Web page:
ORLANDO-It’s been about 90 days since the subprime lending market collapsed and the subsequent credit squeeze. Now, commercial practitioners are anxiously awaiting the trickle down. The good news is that most experts at the RealShare Central Florida conference, held at the Gaylord Palms in Orlando, agree that the commercial market in Central Florida will see some dampening, but nowhere near the doom and gloom that some may have feared.

According to conference speakers, the subprime collapse has caused decisionmakers to pause, but “the sky is not falling completely,” said Keith Tickell, executive vice president-development for Flagler Development Co. “There are some cracks, underwriting is more difficult now and companies are re-evaluating some of their building starts, but the slowdown is just temporary,” said Tickell.

“It’s much tougher to close deals that were under contract before the credit crunch,” adds Larry Richey, senior managing director of Cushman & Wakefield, Tampa and Orlando.

Others agree. “When you wipe out the condo market, which was a major source of capital for our market, you’re going to see some influence [on the rest of the commercial market],” says J. Patrick Duffy, MCR, president of Colliers Arnold, Central Florida. “We’re seeing questions being asked about what tenants do for a living. They’re not just looking at the leases but at how secure the tenants will be as well.”

The subprime problems are threefold–a lax approach to credit, inadequate underwriting and bad pricing. However, most commercial practitioners are seeing that banks will still loan the money as long as the buyer has proven that they’re experienced in what they’re doing and they’ve got an experienced team.

“I think we were all a bit surprised by the subprime mortgage ripple into the CNBS market, and it’s shrunk the low-cost capital mindset,” said Bill Moss, senior managing director of CB Richard Ellis in Orlando. “But, the money is still there–you’ll just see higher cap rates through the end of the year before it returns to normal–normal with stricter underwriting.”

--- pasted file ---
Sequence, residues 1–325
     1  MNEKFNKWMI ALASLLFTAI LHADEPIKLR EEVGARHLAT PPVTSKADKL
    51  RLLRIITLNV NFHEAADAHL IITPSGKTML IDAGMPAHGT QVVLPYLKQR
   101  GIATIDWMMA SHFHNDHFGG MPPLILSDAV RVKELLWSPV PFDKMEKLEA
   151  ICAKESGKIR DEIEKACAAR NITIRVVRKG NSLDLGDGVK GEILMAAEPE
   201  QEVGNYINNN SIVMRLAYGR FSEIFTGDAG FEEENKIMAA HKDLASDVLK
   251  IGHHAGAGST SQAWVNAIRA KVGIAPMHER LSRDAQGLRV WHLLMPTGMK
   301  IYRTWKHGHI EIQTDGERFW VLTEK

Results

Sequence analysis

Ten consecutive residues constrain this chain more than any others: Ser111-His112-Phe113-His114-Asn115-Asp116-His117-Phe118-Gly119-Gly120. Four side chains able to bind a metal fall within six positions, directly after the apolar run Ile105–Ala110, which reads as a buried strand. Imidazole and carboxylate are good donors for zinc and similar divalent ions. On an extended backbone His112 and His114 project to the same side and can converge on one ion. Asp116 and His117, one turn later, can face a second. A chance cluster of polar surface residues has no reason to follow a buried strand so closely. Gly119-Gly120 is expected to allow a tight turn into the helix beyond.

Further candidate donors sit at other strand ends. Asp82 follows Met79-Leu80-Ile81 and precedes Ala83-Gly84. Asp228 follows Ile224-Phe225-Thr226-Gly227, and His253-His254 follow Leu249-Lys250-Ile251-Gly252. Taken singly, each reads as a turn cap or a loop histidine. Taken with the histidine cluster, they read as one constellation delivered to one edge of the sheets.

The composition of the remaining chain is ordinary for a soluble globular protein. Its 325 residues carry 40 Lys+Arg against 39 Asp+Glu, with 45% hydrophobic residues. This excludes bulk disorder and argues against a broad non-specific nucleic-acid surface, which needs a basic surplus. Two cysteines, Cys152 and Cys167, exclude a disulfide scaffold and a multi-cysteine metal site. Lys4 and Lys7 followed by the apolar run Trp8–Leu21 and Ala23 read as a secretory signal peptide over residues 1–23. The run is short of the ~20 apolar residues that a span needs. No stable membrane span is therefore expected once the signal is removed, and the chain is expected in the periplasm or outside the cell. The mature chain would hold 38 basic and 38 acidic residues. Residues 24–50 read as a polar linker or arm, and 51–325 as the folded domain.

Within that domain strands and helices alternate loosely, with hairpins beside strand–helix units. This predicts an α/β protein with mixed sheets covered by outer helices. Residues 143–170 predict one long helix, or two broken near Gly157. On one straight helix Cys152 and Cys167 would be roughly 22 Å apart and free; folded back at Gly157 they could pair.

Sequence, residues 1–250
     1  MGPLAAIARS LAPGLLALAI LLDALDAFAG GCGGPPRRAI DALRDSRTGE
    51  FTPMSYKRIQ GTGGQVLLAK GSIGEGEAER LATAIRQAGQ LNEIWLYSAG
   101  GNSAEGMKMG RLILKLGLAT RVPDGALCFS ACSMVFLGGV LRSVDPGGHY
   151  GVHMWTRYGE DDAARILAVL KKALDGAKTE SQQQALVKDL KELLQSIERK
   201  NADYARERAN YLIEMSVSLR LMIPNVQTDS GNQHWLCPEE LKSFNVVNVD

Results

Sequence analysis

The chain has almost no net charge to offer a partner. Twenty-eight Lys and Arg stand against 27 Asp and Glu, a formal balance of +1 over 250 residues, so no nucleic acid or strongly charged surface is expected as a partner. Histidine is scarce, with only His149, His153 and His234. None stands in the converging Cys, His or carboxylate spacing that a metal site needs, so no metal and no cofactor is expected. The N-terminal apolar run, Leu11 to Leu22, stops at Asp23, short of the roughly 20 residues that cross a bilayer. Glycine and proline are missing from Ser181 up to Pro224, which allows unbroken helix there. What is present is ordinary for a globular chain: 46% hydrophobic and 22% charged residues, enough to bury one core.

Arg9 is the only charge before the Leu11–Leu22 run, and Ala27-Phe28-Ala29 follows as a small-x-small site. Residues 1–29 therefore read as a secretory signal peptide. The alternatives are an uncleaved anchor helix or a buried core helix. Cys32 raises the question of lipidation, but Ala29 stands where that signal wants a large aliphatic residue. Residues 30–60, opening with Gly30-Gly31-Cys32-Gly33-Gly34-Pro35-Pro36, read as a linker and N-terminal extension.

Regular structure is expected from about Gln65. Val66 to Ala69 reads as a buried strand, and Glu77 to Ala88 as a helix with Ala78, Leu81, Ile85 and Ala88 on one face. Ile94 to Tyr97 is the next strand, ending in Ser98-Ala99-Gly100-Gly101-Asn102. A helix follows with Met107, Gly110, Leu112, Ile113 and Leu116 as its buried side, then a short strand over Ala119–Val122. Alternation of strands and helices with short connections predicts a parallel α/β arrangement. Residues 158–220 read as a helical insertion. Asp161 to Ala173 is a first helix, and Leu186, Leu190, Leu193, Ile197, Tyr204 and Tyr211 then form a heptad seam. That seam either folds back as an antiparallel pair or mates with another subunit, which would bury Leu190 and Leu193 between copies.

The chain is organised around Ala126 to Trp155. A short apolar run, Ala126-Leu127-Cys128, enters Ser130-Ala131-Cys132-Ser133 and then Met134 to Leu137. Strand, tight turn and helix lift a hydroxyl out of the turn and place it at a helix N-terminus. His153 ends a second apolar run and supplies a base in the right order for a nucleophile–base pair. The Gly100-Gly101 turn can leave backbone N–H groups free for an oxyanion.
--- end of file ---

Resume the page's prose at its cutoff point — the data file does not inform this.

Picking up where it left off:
One shining star in the Central Florida commercial sector is the industrial market. With vacancy rates as low as 6.5% in Orlando and 5.8% in Tampa, Central Florida is poised for growth. “We’ve got all the fundamentals in place,” explained David J. Murphy, senior vice president of brokerage services and industrial properties for CB Richard Ellis Inc. in Orlando.

“It’s great to be in Florida,” said Bob Krueger, regional director, Central Florida, First Industrial Realty Trust. “Rents have escalated, but that will probably slow. Vacancies are still low and there are plenty of buyers. We’re seeing that the decisionmaking is taking a long time. People have choices, and they’re wondering about the economy, so they’re taking more time to weigh their options. But, anything in the I-4 corridor will do well.”

In addition, the area is seeing a lot of growth in the trade markets as it relates to consumer goods to support population growth.

One concern in the industrial market is retrading, changing the contract terms and price based on what the client terms an “adverse market,” although the RealShare experts agree that it’s mainly affecting class B and C properties. “You’re seeing a retrade mentality but only with B-class properties,” said Murphy. “If someone wants to retrade on a class A space, we’ll put it back on the market.” Most agree that the media’s portrayal of the market largely fuels the retrading mentality. “There’s no justification in the market for retrading,” says Murphy. “Buyers are being retraded on their deals, so when they come back around, they want to retrade you–it’s the power of getting a lower price.”More than 300 commercial practitioners attended the RealShare Central Florida conference is produced by Real Estate Media, publisher of GlobeSt.com, Real Estate Forum and Real Estate Florida.

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